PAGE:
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What’s New With Us: Our Mediterranean Cruise
Vicki and I celebrated our 50th wedding anniversary on May 20th of this year. We thought it would be nice to go some place special. I worked up a great itinerary for visiting a number of western National Parks in our motorhome. Vicki picked up some cruise ship brochures. The ability to compromise is a major ingredient to our lasting marriage. So we booked a 10-day Mediterranean cruise.
The flight from Los Angeles to Philadelphia takes almost five hours. The flight from “Philly” to Rome is about nine hours. Based upon our experience of flying coach-class non-stop from Los Angeles to Frankfurt Germany years ago, we chose US Air’s more tolerable and considerably more expensive business-class seats. Everything about the flights went as expected.
We spent a couple of sight-seeing days in Rome before getting on the cruise ship. Vicki’s ability to walk is limited as to duration, intensity and frequency. That eliminated those bus tours of Rome that included quite a bit of walking. So we hired a guide/driver to show us Rome’s highlights in his car. He took us to all the must see tourist spots… the Coliseum, Vatican, Trevi Fountain and so on. Coincidently, our good friends, Sandy MacGregor and Marilyn Abraham also happened to be passing through Rome at the same time. They took us to a very nice Italian restaurant and treated us to a Happy Anniversary dinner. By the way, after seeing the terrible traffic congestion and suicide drivers in Rome( a red light is just a suggestion) , I will never again complain about driving in Los Angeles.
The cruise-ship Equinox, owned by Celebrity Cruise Lines, is not quite one year old. It is over 1,000 feet long, 121 feet wide and, as near as I could figure it, some 17 decks high (the top deck has a quarter acre putting green with real grass). It has accommodations for 2,850 passengers and carries a crew of 1,000. In addition to being huge it is drop-dead gorgeous. Our stateroom was located on the 9th deck and had a private outside veranda with deck chairs and a table. The weather was close to perfect during our entire cruise so Vicki and I enjoyed a number of room-service meals on our veranda. In addition to the formal dining room and casual buffet the ship had a number of specialty restaurants. The food was plentiful and delicious. The service by waiters, cabin attendants and every crew member, was outstanding.
Our return flight from Rome to Philadelphia was scheduled to leave at 12:00 noon. We had to arrive at the airport by 10:00 am. We dreaded the idea of 2800 people leaving the ship at the same time, the chaos of trying to locate our luggage, and then trying to find empty seats on the proper bus to the airport.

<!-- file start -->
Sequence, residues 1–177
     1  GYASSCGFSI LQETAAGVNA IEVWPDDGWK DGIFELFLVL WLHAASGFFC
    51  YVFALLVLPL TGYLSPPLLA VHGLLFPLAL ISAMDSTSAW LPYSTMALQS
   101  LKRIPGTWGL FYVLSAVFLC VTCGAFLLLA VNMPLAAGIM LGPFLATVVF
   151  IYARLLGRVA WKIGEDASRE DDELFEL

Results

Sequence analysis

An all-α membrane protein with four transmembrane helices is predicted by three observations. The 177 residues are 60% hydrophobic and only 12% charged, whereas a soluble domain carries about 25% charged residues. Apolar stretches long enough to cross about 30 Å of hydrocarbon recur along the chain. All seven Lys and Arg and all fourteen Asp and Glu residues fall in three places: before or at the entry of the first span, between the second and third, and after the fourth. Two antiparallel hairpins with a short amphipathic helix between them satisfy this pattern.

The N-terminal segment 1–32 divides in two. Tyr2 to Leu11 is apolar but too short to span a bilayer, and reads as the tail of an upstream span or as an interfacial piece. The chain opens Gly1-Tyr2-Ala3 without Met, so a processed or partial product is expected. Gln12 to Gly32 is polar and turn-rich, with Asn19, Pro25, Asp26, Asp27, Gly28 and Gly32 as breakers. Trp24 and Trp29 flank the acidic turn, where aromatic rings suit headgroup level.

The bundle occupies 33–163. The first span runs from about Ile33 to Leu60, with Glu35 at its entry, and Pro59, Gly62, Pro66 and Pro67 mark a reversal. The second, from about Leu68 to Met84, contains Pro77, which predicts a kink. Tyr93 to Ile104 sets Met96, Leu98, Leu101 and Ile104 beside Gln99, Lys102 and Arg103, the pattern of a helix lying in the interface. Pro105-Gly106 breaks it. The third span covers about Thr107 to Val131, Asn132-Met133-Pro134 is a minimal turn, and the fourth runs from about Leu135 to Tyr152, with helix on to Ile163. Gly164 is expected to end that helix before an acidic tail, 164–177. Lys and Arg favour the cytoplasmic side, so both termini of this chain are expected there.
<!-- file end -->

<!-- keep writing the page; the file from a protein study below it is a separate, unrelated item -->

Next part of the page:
The ship left port about 7:00 pm each evening and arrived at its next destination by 7:00 am the next day. This left the daylight hours to take tours, shop or just hang out and enjoy the ship’s amenities (Vicki treated herself to a massage and a variety of pampering services). We docked in Messina, Sicily, in Ephesus, Turkey, in Athens, Mykonos, Santorini and Rhodes, Greece, and in Naples Italy. Keeping in mind Vicki’s limitations we booked overview tours of each destination. The tour buses took us as close as possible to the points of interest with a minimum of walking. So we did not wait in line to visit the coliseum, nor did we climb the hill to the acropolis or walk on the rough terrain of the ruins of Ephesus. But we did get close enough to take pictures and we did get an overview of the cities and countryside.
Celebrity Cruise Lines are masters of organization. With over 2800 people getting on and off the ship, going into dining rooms, taking tours and all the other activities.. we never saw a line form anywhere. Crew members were always present to assist and guide passengers. Here is an example of how organized they are:
The day before leaving the ship we were given special stickers for our luggage and told to place our luggage outside our stateroom door by 11:00 pm. Our stickers had the number 24 on them. We were also given written instructions that we were in group 24 and to be in one of the ship’s theaters by 7:30 am the next morning. At 7:30 am, group 24 was told to leave the theater, disembark, and go into a warehouse next to the ship. Inside the warehouse we went to the row of luggage under the number 24 marker. Notice I said row, not pile of luggage. After identifying our luggage, a porter loaded it onto the bus with the number 24 in the windshield. Then about 20 of us loaded onto bus 24 and were taken to our airline terminal where our luggage was unloaded from the bus onto personal luggage carts. Porters were available but not necessary to take the luggage into the airline terminal. Until we arrived at the ticket counter at 9:00 am we never waited in a line that morning. Going from the ship to the airport was a care-free experience.
Going home the flights went as expected and without incident; except, of course, going through security and customs in Philadelphia. The lines to both were long and excruciatingly slow.
We had a good time and I told Vicki that I would be happy to take another cruise in another 50 years.
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